Paranthropus boisei or Australopithecus boisei was an early hominin, described as the largest of the genus Paranthropus. It lived in Eastern Africa during the Pleistocene epoch from about 2.4 until about 1.4 million years ago. First discovered by anthropologist Mary Leakey on July 17, 1959, at Olduvai Gorge, the well-preserved cranium was dated to 1.75 million years ago and had characteristics distinctive of the robust australopithecines. Mary and her husband Louis Leakey classified the find as Zinjanthropus boisei: "Zinj" for the medieval East African region of Zanj, "anthropus" for "human being", "boisei" for Charles Watson Boise, the anthropologist team’s benefactor. Paranthropus boisei proved to be a treasure when the anthropologists' son Richard Leakey suggested it was the first hominin species to use stone tools. Bernard Wood of the University of Liverpool, posits that tools discovered in Ethiopia and dated to 2.5 million years ago could have been made by Paranthropus boisei. A well-preserved jaw, known as the Peninj Mandible, was found by Richard's colleague Kamoya Kimeu in 1964 in Peninj, Tanzania.
Another skull, specimen KNM ER 406, was unearthed in 1969 by Richard at Koobi Fora near Lake Turkana, in Kenya. The brain volume is quite small, about 500 to 550 cm3, not much larger than that of Australopithecus afarensis and Australopithecus africanus or modern-day chimpanzees. In P. boisei the foramen magnum is much shorter than in P. robustus. In addition, the cranial variation of P. boisei is remarkably high. The adult males were larger on average than females, as was the case in all australopithecine species. Males weighed some 49 kg and stood about 1.37 m tall, while females weighed about 34 kg and were 1.24 m tall. It had a skull specialized for heavy chewing and several traits seen in modern-day gorillas; the molar teeth were large, with an area over twice that of modern humans. The species is sometimes referred to as "Nutcracker Man" because it had the biggest, flattest cheek teeth and the thickest enamel of any known hominin. P. boisei had large chewing muscles attached to a pronounced sagittal crest.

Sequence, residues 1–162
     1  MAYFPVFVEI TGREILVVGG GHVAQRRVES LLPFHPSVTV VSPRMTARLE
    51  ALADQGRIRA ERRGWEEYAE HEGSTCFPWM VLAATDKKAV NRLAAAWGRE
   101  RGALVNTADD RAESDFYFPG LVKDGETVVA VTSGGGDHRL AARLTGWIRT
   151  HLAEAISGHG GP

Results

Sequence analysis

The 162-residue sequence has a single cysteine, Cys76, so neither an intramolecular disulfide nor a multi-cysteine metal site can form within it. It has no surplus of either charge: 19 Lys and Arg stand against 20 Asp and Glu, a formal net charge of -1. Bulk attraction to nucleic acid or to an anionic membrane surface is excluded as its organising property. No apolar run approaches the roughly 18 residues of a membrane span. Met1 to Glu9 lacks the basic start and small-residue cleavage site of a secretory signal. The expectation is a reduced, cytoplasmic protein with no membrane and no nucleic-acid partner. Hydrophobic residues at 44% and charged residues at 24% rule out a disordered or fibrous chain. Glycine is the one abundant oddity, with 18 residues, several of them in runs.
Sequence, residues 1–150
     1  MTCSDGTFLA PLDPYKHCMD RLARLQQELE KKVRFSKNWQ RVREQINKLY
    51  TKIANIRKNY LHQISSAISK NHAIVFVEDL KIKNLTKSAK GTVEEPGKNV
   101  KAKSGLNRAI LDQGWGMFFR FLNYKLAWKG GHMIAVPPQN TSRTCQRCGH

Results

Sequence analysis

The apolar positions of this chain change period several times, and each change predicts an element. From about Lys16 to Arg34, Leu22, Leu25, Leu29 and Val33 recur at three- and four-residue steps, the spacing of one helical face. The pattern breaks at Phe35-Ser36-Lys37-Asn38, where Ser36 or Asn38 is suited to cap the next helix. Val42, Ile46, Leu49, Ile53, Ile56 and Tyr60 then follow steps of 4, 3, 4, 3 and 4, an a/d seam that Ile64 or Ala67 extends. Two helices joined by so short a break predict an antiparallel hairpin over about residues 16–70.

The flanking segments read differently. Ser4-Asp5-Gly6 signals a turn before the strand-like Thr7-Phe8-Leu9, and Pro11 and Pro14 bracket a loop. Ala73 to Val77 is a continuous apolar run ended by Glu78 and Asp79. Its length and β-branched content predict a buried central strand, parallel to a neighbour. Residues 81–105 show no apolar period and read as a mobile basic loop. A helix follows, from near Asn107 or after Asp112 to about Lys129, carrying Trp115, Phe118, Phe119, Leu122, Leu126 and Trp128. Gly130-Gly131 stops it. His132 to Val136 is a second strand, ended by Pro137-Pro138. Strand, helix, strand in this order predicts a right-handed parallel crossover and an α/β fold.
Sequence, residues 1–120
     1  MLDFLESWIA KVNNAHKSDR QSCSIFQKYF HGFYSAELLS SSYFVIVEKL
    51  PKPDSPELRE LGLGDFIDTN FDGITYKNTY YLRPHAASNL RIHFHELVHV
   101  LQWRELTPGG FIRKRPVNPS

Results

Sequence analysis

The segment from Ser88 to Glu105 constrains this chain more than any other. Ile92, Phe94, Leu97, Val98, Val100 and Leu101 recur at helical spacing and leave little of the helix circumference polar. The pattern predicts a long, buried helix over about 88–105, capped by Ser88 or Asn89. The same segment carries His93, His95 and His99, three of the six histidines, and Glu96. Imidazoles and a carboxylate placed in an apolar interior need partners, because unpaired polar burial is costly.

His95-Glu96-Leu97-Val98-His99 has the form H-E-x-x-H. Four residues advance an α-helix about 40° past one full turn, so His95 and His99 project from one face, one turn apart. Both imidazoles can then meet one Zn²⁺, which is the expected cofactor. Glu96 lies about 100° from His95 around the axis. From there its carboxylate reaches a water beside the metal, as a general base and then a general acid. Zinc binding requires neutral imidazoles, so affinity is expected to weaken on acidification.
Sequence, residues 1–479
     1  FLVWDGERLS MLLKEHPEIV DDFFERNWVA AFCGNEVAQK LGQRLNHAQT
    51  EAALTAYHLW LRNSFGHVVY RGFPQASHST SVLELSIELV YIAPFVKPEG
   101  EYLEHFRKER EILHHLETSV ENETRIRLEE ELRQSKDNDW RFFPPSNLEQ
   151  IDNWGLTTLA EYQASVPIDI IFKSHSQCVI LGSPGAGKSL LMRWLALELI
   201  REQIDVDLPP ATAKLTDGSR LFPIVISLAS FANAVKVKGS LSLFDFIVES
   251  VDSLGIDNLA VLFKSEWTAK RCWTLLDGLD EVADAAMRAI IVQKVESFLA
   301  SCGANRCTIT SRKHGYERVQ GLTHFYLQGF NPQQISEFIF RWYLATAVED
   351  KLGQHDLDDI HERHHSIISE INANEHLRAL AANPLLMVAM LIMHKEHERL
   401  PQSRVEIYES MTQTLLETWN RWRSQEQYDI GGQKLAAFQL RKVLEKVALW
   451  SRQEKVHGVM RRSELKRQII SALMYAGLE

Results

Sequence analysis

To accommodate their enormous cheek teeth, P. boisei had a wide face, although the front teeth were much smaller than in similar species. Some argue that the craniodental morphology of this taxon is indicative of a diet of hard or tough foods such as ground tubers and seeds. However, research on the molar microwear of P. boisei has found a pattern different from that observed in P. robustus in South Africa, thought to have fed on hard foods as a fallback resource. This work suggests. Carbon isotope ratios suggest P. boisei had a diet dominated by C4 vegetation, unlike P. robustus in South Africa. In 1993, A. Amzaye found fossils of P. boisei at Ethiopia. The partial skull is dated to 1.4 million years ago. It is the biggest skull specimen found of P. boisei. The oldest specimen of P. boisei was found in Omo and dates to 2.3 million years ago, classified as, while the youngest specimen from Olduvai Gorge dates to 1.2 million years ago and is classified as OH 3 and OH 38. OH 5 Zinjanthropus, "Zinj" or "Nutcracker Man", was the first P. boisei specimen found by Mary Leakey at Olduvai Gorge, Tanzania.
The name "Nutcracker Man" may be a misnomer as it may only apply to Paranthropus robustus." KNM ER 406 is a small partial cranium discovered by Richard Leakey and H. Mutua in 1969, found at Koobi Fora, which displays large zygomatic arches and a cranial capacity of 510 cm³. KNM WT 17400 is a partial cranium, with similar characteristics to KNM WT 17000, "Black skull", belonging to Paranthropus aethiopicus, was found at West Turkana, Kenya. Peninj Mandible is a well-preserved jaw, found by Kamoya Kimeu in the Lake Natron region, near the Peninj River in Tanzania. All primates and hominids are or were dietary generalists, meaning that they ate a wide variety of foods and did not depend on a single, specific food source; the most accepted theory about what foods P. boisei ate suggests that it fed on hard objects as its primary source of nutrition. Strong jaw muscles are believed to be an evolutionary adaptation of P. boisei for a diet of nuts and hard fruit. Analysis of the wear on the molars of P. boisei showed fine striations indicating constant chewing of small, hard food items, like nuts and seeds.
The foods that P. boisei would have ingested can be determined by means of carbon isotope measurements. Along with fruits and nuts, carbon isotope data on P. boisei fossils suggest that their diet was based on C4 resources grasses or sedges. One study has concluded that the diet of P. boisei consisted of grasses and sedges such as tigernut and that it ate fruits and nuts. According to another, the addition of tubers to its diet helped P. boisei to meet its daily caloric intake requirement. In any case, it would appear that P. boisei consumed larger quantities of plant matter than any other hominin studied to date. The diet of fruits and nuts that P. boisei would have eaten is reflected by its classification as a cosmopolitan species, meaning that its wide geographic range